Humans of Copenhagen: Lockdown edition - The Post

Humans of Copenhagen: Lockdown edition

Six capital residents reveal how they’re coping with living in ‘quarantine’

Donatello enjoying a video chat with friends
March 20th, 2020 5:05 pm| by Emile Young
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We asked how you were handling the lockdown and adjusting to new routines.

Some of you joked that you finally learned your normal lifestyle was called ‘quarantine’.

Others talked about trying to sneak in a few hours of work with your kids running around in the background.

We heard about missing birthdays and sharing a beer over video chat. 

Here’s what six of you had to say:

Tim Rhys

Tim is from Sydney, Australia. He’s been in Denmark for four years and worked as a substitute teacher and at a hotel in Copenhagen. He’s currently in lockdown with his partner.

What’s the biggest change?
The biggest change is the lack of routine. Since school has been closed, I really don’t have a lot to do. Shifts at the hotel are non-existent, so for now it’s a bit of PlayStation, Netflix, going for a walk, doing a puzzle with my girlfriend and looking for possible employment.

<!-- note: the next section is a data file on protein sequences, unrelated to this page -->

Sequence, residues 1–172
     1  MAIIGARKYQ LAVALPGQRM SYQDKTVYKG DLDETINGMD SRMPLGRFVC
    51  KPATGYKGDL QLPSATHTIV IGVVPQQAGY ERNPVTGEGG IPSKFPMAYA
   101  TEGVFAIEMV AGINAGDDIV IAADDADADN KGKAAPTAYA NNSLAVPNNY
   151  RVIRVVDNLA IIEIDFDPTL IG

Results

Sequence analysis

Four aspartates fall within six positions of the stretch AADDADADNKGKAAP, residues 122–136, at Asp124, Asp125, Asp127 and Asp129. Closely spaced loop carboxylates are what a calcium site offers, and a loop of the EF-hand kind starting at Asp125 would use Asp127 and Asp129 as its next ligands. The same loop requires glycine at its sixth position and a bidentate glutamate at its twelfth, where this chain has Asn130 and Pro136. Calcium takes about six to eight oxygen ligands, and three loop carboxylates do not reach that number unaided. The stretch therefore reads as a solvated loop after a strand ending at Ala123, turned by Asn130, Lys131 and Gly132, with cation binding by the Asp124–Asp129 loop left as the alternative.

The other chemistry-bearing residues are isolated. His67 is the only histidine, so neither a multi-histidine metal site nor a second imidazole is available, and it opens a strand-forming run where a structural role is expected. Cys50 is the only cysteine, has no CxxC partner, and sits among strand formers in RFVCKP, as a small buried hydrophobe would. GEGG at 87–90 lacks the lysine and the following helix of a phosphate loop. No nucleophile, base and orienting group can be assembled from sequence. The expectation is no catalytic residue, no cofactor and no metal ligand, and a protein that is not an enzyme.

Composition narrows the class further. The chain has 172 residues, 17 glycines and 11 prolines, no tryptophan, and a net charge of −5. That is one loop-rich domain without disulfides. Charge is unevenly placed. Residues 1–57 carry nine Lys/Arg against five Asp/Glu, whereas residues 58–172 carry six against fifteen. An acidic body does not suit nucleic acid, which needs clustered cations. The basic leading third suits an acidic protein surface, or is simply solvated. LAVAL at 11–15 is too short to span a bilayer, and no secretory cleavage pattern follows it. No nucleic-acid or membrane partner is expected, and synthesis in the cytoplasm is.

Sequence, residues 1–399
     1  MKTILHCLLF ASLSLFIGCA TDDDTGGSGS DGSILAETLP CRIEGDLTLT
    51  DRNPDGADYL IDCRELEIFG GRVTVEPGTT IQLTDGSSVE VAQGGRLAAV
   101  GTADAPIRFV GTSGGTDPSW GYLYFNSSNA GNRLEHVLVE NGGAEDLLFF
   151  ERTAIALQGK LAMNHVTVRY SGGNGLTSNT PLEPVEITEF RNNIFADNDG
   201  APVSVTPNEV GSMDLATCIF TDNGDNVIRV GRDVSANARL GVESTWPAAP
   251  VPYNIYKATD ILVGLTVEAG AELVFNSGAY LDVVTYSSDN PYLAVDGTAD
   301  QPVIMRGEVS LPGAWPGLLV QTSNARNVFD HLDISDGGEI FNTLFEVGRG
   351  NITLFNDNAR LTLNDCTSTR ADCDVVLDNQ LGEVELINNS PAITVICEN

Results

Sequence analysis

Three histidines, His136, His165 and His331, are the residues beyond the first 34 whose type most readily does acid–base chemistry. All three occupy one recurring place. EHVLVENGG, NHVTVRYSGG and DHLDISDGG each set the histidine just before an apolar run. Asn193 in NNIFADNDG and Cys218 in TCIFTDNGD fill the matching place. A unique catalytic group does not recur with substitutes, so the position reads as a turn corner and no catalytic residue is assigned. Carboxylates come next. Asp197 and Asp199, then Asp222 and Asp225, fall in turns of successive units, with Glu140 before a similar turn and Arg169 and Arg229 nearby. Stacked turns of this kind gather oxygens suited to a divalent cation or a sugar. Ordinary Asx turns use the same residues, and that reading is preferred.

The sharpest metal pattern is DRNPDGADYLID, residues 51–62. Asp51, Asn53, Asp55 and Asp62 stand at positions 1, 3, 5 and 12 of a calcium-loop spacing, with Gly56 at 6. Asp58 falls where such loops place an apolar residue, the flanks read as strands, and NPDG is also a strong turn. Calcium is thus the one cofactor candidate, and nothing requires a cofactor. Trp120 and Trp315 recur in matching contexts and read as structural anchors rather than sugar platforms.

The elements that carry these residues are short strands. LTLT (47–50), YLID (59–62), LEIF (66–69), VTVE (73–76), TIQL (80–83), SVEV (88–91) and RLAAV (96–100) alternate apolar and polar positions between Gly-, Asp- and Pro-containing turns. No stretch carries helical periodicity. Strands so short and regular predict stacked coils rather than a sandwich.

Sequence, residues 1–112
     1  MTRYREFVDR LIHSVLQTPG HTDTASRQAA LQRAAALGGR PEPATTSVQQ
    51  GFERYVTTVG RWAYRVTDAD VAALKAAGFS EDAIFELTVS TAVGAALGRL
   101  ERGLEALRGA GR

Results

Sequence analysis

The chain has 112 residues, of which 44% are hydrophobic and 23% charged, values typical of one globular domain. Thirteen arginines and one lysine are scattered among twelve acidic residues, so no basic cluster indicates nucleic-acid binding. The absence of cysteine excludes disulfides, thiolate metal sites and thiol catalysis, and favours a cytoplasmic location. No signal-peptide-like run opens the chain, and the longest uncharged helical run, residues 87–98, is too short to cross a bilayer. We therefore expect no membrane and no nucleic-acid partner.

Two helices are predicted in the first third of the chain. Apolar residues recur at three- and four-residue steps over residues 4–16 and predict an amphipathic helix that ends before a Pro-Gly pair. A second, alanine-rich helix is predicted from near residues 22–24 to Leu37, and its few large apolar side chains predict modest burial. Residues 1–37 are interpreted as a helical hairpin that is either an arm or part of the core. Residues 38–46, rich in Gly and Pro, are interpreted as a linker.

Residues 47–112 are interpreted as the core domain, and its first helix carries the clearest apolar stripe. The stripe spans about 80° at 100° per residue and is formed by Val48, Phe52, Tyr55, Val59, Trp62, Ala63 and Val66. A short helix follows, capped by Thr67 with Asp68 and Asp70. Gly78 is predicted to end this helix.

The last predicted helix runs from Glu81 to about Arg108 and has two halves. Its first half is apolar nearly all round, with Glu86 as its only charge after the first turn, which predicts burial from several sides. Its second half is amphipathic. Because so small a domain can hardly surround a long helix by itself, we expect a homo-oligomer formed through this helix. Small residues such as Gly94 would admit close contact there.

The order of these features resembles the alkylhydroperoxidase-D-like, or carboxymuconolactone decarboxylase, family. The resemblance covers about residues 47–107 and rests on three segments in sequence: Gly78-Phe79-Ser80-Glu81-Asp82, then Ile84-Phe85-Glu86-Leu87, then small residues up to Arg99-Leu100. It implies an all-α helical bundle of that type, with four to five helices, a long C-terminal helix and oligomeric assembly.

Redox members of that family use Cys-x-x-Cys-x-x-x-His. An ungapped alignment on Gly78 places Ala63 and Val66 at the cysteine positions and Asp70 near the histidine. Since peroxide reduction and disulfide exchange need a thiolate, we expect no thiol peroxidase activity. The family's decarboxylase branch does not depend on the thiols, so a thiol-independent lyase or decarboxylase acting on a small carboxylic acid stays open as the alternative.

How do you feel? What’s your biggest worry?
Restless and concerned. I am in a situation where I am not able to earn any money for the foreseeable future. What Denmark is doing for its own people is remarkable. However, I do not qualify for any of the assistance packages. And, even if I wanted to, accessing benefits would void my visa (spousal/family reunification), and I will essentially be kicked out of Denmark. I have managed to slip through the cracks in all this. I thought I could negate the instability of substitute work by having a second job. But, I’m healthy, as is my partner and our families, so I just have to remember to be grateful and trust that things will get better. 

What are you looking forward to the most?
I just want to get back to work right now. I love my job and feel lucky to be able do something I enjoy here in Denmark. Sometime this coming summer I am hoping  to see the parks and city full of people again, enjoying themselves freely.

Sophia

Sophia is 11 years old. She likes to watch YouTube, be with her guinea pig and her family, and play computer games with her friends.

What does a day in lockdown look like for you?
I wake up, and first I play a bit on my computer with my friends. Then I do homeschool for three hours. My teachers give me things to do. After school I watch YouTube and play on my computer. Sometimes I go out with my mum to do some shopping. Yesterday we went for a walk too.

What’s the biggest change?